“We’re seeing the effects in our local community, Tårnby, which as a municipality has suffered a greater spike in unemployment than almost anywhere in the country. However, there are never any guarantees, and if this crisis leads to permanent changes to the aviation industry, we will be forced as a business to consider the new situation. Until that happens, we will do everything in our power to make it through the crisis and salvage all we can, including our position as a European hub,” he says.
In terms of liquidity, CPH is well prepared for the coming period. In May 2020, CPH entered a 2-year facilities agreement totalling DKK 6.0 billion with a club of banks. The new facility is a combination of a 2-year term loan of DKK 2.0 billion and a 2-year credit facility of DKK 4.0 billion. Simultaneously, CPH entered into waiver agreements with existing lenders, providing CPH relief form certain loan covenants until and including Q1 2021. The new facility and the waiver agreements ensures that CPH will continue to be able to meet its financial and investment
CPH creates jobs and welfare
The airport is home to some 1,000 companies and airlines that combined employ about 22,000 people. Their services span everything from handling aircraft, baggage and passengers to catering as well as construction, maintenance and retail and restaurant services. Many of these businesses have had to dismiss staff. Most recently, SAS has announced redundancies of up to 1,700 employees in Denmark and on 20 April, the airline Norwegian announced that it is making redundant more than 600 Danish pilots and cabin crew.
“These are incredibly sad messages, and it only shows how serious this crisis is for the entire aviation industry. Over the years, we have worked closely with both SAS and Norwegian on route development. Before the crisis hit, the two companies accounted for 51% of traffic at Copenhagen Airport,” notes Thomas Woldbye.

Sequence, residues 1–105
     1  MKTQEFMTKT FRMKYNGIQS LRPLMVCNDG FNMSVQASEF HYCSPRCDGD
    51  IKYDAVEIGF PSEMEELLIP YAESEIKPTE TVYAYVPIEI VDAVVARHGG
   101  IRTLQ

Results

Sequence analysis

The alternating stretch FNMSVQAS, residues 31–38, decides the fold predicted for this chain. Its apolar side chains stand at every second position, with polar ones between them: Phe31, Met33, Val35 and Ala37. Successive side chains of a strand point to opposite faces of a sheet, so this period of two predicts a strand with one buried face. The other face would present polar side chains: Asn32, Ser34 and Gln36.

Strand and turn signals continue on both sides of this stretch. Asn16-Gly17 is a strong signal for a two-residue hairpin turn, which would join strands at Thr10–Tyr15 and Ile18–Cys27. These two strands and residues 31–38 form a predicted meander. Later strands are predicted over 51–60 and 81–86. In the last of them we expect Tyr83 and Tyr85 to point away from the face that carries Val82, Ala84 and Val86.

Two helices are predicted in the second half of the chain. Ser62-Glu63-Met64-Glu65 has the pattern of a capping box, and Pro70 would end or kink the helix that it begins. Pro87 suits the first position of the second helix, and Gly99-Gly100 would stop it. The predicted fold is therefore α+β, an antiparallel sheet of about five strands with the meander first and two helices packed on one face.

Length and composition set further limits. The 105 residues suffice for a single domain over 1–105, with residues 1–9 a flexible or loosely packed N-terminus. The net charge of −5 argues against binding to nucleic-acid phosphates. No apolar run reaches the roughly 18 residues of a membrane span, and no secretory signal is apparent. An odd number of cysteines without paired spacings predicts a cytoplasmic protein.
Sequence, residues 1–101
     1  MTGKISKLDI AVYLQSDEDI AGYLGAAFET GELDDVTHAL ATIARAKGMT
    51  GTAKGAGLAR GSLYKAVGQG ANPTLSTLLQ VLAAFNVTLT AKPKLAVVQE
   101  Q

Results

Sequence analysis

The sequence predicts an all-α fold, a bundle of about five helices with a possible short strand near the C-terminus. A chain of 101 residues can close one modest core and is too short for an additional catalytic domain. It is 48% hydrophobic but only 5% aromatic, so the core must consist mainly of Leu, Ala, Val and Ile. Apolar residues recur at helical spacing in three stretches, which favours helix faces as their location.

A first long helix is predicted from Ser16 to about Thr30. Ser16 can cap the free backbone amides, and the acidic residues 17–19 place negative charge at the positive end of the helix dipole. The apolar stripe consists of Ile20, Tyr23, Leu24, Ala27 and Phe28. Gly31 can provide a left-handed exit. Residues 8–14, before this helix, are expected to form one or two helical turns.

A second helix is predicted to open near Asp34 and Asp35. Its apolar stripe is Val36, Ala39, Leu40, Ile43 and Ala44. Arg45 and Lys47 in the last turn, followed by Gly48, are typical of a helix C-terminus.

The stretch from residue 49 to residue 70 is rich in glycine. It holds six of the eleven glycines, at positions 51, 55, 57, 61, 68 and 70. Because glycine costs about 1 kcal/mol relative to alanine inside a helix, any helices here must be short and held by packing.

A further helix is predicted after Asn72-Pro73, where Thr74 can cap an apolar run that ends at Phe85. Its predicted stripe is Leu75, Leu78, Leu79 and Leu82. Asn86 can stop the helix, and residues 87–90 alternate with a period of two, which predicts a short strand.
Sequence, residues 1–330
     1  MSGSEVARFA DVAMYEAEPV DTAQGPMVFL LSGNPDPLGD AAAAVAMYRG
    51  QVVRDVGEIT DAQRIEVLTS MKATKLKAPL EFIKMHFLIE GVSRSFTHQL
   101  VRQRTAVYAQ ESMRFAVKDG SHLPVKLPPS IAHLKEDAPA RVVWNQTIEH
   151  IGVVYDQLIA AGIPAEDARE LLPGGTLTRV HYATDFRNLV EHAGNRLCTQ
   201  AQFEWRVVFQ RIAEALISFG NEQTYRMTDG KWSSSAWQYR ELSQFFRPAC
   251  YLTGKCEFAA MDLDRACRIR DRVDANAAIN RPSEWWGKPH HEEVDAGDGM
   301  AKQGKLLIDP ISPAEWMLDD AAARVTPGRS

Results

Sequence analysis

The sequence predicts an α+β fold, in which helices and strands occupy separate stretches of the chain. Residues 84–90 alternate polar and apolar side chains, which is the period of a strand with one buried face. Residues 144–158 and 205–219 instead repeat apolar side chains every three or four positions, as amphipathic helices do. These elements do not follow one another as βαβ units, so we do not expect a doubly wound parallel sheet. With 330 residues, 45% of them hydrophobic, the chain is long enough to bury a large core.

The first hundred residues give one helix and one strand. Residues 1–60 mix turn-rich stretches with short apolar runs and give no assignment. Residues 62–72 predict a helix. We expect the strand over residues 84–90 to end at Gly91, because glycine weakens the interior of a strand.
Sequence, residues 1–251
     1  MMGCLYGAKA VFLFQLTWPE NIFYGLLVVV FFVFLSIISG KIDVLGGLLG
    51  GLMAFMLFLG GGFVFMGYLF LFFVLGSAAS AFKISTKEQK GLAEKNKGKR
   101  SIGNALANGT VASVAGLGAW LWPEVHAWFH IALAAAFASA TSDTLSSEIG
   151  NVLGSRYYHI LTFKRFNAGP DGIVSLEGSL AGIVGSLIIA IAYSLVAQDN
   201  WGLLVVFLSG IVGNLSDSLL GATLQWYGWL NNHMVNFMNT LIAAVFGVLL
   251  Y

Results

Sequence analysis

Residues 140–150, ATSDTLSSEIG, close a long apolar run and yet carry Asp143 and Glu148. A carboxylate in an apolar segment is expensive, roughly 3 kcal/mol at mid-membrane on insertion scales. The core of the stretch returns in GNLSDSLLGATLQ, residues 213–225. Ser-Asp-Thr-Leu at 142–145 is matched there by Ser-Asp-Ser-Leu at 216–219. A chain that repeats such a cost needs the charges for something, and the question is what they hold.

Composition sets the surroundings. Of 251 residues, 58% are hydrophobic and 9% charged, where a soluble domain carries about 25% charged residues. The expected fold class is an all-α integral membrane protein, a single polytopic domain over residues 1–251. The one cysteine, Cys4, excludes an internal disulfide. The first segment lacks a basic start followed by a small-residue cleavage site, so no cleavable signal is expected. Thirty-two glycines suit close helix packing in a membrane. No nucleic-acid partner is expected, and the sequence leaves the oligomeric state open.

According to data from Copenhagen Economics, the aviation industry contributes jobs and wealth creation in Denmark worth as much as DKK 100 billion, including DKK 30 billion through Copenhagen Airport alone.
“Keeping Denmark connected with the rest of the world is our primary objective. It is essential for our welfare that Denmark is able to trade and stay connected with the rest of the world. There’s a risk that we might lose all that,” says Thomas Woldbye.
Green transition not forgotten
Despite the crisis, Copenhagen Airport intends to continue seeking to work with its partners, the airlines, the public sector, NGOs and other parties to ensure that aviation of the future will be sustainable, and the entire Danish aviation industry will achieve climate neutrality by 2050.
“We also intend, until further notice, to continue the airport’s climate strategy and aim for the targets we’ve set for making CPH’s operations carbon-neutral and completely emissions-free by 2030. However, the pace in the crucial green transition will depend on how we get through the crisis. The more economic muscles we have, the greater strength we can put into the sustainable transition of aviation once the world reopens for trade, travel and air traffic,” says Thomas Woldbye.